Just before my eleventh birthday, I was given the Christmas Gift to Top All Christmas Gifts:  A Schwinn Continental II ten-speed bicycle.  I was so excited!  Now I could ditch my one-speed with a banana seat and not be riding something so childish.  My dad told me, “Take care of it, that’s the last bike you’re going to get.”  I knew he wasn’t joking, and I took really good care of that bike.  After all, it was very important to me!  My bicycle meant freedom to go where I wanted (within reason) without parents having to drive me everywhere.  I kept that bike all through college, selling it just before my first daughter was born.

We’ve only been given one planet on which to live; it’s the last one we’re going to get.  It just makes sense, then, to take good care of it.  The earth is very important to us!  It provides us everything we need to live, and logically we should want to do what we can to ensure it remains in good shape for future generations.

You may be wondering why an energy educator is writing about being environmentally conscientious.  At NEED, we’re all about balance, presenting energy-related subjects in an unbiased way, and equipping students to think for themselves and make informed decisions.  Energy efficiency and usage naturally lead to a discussion about the environmental effects of the energy choices we make, and at NEED, we have plenty of activities and curriculum units that can be used in classrooms, afterschool groups, and scouting troops to teach young people about the earth’s resources and using them wisely.

April 22 is Earth Day!  Celebrate!  Kids love to engage in activities that promote responsibility in the environment and NEED is a great place to look for resources you can use, whether it’s for a single day or an entire month.  Younger students will enjoy activities from Building Buddies or All About Trash as they learn to conserve energy and reduce the amount of trash being thrown into landfills. If your time is limited, try America’s Most Wanted Energy Wasters from Energy Games and Icebreakers.

Older students can be engaged through Carbon Capture, Utilization, and Storage or either of our climate change curriculum guides, Exploring Climate Change or Understanding Climate Change.  All three of these discuss the effects of using fossil fuels to meet our energy needs, and steps that can be taken to reduce the impact our energy use has on global climate change.  The Wedge Challenge from Exploring Climate Change shows students that many options for reducing greenhouse gas emissions exist, and leads them through the decision-making process.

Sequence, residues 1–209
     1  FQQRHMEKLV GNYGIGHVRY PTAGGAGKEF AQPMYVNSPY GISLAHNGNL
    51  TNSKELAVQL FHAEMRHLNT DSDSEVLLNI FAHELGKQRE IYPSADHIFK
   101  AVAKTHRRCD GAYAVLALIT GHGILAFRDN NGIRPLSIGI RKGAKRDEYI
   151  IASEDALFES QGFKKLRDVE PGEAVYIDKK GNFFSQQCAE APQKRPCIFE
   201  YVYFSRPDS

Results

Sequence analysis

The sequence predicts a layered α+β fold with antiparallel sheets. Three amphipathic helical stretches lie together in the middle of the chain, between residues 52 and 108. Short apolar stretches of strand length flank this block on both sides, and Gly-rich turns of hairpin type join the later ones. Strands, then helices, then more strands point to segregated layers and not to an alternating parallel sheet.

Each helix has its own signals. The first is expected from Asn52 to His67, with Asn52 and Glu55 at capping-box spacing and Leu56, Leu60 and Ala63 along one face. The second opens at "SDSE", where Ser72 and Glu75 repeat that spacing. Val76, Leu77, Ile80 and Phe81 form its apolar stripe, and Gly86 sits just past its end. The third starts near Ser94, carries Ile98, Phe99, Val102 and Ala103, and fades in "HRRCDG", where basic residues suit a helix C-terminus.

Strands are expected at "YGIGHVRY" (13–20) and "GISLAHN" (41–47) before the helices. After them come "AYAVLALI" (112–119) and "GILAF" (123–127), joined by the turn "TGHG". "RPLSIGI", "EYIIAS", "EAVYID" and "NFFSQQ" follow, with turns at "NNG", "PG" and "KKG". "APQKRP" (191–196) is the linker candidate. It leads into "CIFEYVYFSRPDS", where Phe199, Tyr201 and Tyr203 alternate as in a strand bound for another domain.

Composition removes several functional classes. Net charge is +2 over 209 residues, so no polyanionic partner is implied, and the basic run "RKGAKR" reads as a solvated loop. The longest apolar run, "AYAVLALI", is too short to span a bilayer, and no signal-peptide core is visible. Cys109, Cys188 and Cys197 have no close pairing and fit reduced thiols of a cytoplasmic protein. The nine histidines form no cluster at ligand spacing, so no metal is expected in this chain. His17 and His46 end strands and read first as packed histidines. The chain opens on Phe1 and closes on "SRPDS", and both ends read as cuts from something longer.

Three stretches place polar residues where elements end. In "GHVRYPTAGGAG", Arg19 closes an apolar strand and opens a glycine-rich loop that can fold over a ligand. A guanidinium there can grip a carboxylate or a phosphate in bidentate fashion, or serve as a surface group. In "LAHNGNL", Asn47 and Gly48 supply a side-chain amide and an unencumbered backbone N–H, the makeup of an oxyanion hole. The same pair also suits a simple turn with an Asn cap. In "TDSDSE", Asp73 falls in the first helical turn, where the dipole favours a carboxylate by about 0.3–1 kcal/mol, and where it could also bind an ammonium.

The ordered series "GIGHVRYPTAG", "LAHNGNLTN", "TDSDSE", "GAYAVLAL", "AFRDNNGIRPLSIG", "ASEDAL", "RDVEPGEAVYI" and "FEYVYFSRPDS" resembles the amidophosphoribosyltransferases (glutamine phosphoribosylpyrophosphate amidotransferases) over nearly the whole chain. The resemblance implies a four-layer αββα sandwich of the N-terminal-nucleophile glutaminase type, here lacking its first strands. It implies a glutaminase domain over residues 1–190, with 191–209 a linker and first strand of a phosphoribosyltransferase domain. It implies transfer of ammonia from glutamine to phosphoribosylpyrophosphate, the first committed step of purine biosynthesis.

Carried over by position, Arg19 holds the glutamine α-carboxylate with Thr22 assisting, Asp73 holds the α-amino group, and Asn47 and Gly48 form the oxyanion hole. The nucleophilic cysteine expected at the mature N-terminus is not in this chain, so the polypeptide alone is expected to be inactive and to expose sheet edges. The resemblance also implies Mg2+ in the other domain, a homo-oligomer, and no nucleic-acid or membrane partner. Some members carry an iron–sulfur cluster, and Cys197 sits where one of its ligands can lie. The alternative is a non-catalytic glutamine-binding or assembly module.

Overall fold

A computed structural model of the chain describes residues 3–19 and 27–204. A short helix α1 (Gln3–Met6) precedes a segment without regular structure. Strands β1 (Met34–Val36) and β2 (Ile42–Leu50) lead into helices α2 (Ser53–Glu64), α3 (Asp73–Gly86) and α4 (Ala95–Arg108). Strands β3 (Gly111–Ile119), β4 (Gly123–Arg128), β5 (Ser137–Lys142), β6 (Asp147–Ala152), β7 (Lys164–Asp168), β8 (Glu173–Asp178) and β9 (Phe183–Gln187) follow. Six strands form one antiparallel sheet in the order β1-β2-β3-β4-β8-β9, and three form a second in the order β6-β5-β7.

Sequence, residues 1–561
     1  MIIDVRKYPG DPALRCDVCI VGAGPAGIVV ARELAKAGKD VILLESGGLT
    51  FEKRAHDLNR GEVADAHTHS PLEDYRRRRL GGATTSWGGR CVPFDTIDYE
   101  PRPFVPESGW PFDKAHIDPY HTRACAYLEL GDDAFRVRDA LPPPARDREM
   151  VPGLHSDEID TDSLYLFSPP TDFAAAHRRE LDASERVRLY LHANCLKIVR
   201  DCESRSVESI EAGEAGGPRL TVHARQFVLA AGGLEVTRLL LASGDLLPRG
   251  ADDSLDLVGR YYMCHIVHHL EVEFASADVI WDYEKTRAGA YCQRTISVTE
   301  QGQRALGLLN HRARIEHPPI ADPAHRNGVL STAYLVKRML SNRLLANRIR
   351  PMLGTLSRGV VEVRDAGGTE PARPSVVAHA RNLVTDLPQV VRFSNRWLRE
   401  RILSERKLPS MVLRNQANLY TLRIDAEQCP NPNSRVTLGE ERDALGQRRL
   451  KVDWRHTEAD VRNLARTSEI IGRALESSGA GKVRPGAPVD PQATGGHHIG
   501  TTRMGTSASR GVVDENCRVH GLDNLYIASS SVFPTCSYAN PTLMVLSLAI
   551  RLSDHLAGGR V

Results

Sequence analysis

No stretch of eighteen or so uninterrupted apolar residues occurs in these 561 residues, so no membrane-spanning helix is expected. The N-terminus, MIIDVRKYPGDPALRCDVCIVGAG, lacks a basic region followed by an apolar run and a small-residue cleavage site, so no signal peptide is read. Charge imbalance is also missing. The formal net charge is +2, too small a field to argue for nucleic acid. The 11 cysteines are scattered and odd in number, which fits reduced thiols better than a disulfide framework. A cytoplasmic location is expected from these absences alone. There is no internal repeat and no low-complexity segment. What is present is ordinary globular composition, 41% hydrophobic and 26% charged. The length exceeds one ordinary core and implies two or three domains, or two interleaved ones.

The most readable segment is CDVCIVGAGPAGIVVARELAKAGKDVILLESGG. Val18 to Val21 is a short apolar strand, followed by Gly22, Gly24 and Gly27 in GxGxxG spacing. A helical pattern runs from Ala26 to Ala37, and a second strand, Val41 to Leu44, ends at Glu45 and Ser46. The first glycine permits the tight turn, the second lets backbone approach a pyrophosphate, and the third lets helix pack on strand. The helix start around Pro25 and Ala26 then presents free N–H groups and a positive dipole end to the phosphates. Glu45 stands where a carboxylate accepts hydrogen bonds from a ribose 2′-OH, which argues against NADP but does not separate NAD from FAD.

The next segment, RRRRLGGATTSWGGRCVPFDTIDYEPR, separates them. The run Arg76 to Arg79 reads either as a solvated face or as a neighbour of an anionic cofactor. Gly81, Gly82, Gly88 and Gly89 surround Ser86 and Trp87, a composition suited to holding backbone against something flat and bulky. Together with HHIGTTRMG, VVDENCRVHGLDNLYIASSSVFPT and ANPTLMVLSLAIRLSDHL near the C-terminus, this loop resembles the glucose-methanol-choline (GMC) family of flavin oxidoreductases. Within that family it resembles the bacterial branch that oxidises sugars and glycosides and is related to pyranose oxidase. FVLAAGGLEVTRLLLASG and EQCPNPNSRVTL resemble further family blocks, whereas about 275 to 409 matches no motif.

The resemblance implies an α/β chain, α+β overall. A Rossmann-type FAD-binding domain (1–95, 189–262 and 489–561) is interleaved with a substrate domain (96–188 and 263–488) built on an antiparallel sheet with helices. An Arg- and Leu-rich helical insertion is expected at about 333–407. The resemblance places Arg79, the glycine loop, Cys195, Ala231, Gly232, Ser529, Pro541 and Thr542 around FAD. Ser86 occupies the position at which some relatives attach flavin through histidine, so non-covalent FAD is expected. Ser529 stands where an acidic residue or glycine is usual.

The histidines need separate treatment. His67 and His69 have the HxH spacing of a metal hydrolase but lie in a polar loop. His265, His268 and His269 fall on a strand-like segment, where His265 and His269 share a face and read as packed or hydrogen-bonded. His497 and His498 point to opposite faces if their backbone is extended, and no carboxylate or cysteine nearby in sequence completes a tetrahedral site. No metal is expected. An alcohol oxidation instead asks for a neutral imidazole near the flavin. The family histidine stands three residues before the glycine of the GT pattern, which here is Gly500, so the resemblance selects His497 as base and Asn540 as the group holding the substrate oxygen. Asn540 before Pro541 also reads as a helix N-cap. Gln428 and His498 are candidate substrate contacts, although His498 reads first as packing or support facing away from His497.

If you’re looking for activities that can be completed in a short amount of time, try the Climate Web from Exploring Climate Change, or This Week in Energy Conservation from Energy Games and Icebreakers.

Earth Day is situated within National Parks Week, April 20-26.  Since 1872, when President Grant set aside 2.2 million acres that became the world’s first National Park – Yellowstone National Park – Americans have placed a high value on protecting the public lands that comprise the nearly 400 locations under the jurisdiction of the National Park Service (www.nps.gov).  Federal land is rich with natural resources, including energy sources, and utilizing those resources has been a source of great discussion and controversy.

Our curriculum guide, Energy on Public Lands, can help you lead your students through a discussion of this topic.  Packed with text, graphic organizers, and research activities, this unit will guide students through learning about public lands, management of the land, and utilization of its resources.  The culminating activity is an exercise in developing a public use plan for a location near their school or home.  Furthermore, teachers needing to meet English and Language Arts standards related to reading informational text, evaluation, analysis, and supporting a position with facts from the Common Core State Standards will find this unit helpful.  If you’re looking for an activity that can be done on one day of National Parks Week, try Conservation for Our Nation from Energy Games and Icebreakers.

Lastly, there is no better time than Earth Day to get a School Energy Management Team established at school.  Use the last few weeks of this school year to get your team started, measure current usage, and set goals for the next school.  Then in the fall, your kids can jump right into monitoring energy usage and helping save energy, and money, within their school.  Students who are involved in sharing responsibility for their building will begin to care about it more and the entire community will benefit.  Furthermore, documenting the students’ activities and progress will give you all that is needed for a Youth Awards project.  If you have questions about starting a team, send an e-mail to info@need.org and we’ll get you pointed in the right direction!

*Caryn Turrel’s text, Emily Hawbaker’s creative title!